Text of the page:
After a night on the town, Charlie comes home to the house where he is staying, drunk and unable to find his key. For the next twenty minutes he staggers into, out of, and through the house in an inebriated confrontation with the house itself. Written by
Jim Beaver <firstname.lastname@example.org>
Chaplin plays a drunk who spends the entire film trying to get into his house and go to bed. In a comedic experiment, Chaplin appears alone in this film, aside from Albert Austin, who briefly appears at the beginning as a cab driver. Chaplin draws the humor from his interaction with various objects around the house, most humorously with a hostile Murphy bed. Is this comic experiment successful? Yes, for the most part. It is a funny short, but, in my opinion, nowhere near his funniest. Still, one must admire Chaplin's boldness. When one watches this film, one sees a talented film maker testing the limits of skills. Bravo.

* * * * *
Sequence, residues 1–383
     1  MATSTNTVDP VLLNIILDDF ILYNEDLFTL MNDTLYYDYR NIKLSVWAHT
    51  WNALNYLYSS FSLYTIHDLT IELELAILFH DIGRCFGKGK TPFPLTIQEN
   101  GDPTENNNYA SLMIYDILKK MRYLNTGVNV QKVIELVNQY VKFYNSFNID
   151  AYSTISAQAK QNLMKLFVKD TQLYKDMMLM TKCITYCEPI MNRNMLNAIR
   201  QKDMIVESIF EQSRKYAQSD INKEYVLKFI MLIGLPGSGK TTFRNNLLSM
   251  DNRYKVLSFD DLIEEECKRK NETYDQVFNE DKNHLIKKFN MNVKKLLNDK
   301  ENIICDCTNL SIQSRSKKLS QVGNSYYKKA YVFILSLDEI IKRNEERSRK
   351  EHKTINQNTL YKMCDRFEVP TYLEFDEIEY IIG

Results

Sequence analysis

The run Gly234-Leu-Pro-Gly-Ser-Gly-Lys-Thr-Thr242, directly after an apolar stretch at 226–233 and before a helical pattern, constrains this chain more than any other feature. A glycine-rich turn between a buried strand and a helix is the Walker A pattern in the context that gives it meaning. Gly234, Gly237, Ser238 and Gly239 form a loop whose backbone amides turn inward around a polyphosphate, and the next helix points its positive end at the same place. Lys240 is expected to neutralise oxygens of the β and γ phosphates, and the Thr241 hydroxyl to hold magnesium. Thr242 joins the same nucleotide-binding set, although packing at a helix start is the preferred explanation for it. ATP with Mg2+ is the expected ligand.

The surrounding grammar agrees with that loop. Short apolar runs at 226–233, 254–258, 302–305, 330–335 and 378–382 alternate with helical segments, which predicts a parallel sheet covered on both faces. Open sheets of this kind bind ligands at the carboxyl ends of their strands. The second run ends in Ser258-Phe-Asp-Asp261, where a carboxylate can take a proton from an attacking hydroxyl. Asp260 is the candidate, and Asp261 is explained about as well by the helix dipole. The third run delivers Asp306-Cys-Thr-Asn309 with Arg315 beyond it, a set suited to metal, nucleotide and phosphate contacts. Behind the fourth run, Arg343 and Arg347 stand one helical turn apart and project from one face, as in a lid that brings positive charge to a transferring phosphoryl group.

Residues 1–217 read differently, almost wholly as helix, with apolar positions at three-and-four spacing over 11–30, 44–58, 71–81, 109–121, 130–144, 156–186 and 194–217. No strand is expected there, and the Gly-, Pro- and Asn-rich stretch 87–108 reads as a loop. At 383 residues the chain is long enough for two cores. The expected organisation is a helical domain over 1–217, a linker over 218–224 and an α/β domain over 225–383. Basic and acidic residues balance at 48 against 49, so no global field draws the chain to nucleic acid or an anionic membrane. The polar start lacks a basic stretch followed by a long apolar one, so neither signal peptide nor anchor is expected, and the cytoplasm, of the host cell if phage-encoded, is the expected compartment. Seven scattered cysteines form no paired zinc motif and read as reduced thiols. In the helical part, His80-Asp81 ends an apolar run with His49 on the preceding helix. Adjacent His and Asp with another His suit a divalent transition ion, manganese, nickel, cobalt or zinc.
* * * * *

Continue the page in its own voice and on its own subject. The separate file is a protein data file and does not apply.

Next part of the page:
10 of 11 people found this review helpful.
Was this review helpful to you?